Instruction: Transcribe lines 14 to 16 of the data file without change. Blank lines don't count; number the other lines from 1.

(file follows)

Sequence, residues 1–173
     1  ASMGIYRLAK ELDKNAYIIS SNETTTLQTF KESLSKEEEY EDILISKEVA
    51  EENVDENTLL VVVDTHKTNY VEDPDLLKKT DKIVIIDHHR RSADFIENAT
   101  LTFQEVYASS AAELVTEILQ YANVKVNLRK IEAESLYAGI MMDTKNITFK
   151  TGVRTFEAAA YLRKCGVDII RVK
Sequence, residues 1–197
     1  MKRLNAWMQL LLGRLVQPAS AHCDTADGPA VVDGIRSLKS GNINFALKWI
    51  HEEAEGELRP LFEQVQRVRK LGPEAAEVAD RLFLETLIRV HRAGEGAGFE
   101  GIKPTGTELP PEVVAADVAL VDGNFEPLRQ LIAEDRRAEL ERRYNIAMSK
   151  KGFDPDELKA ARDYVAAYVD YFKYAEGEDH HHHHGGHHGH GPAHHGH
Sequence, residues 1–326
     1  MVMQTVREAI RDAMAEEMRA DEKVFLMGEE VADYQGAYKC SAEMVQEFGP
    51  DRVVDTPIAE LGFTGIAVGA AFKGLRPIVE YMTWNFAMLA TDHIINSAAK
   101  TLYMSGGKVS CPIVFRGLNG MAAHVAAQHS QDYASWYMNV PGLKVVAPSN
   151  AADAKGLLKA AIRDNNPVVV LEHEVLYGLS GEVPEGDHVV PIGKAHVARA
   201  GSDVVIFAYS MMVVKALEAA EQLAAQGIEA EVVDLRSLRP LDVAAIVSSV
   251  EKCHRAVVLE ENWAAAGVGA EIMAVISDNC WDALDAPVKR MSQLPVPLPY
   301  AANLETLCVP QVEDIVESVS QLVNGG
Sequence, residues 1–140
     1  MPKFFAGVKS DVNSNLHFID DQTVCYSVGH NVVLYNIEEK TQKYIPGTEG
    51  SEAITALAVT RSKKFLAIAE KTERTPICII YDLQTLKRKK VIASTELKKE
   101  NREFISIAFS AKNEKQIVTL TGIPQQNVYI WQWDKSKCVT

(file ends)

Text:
   101  TLYMSGGKVS CPIVFRGLNG MAAHVAAQHS QDYASWYMNV PGLKVVAPSN
   151  AADAKGLLKA AIRDNNPVVV LEHEVLYGLS GEVPEGDHVV PIGKAHVARA
   201  GSDVVIFAYS MMVVKALEAA EQLAAQGIEA EVVDLRSLRP LDVAAIVSSV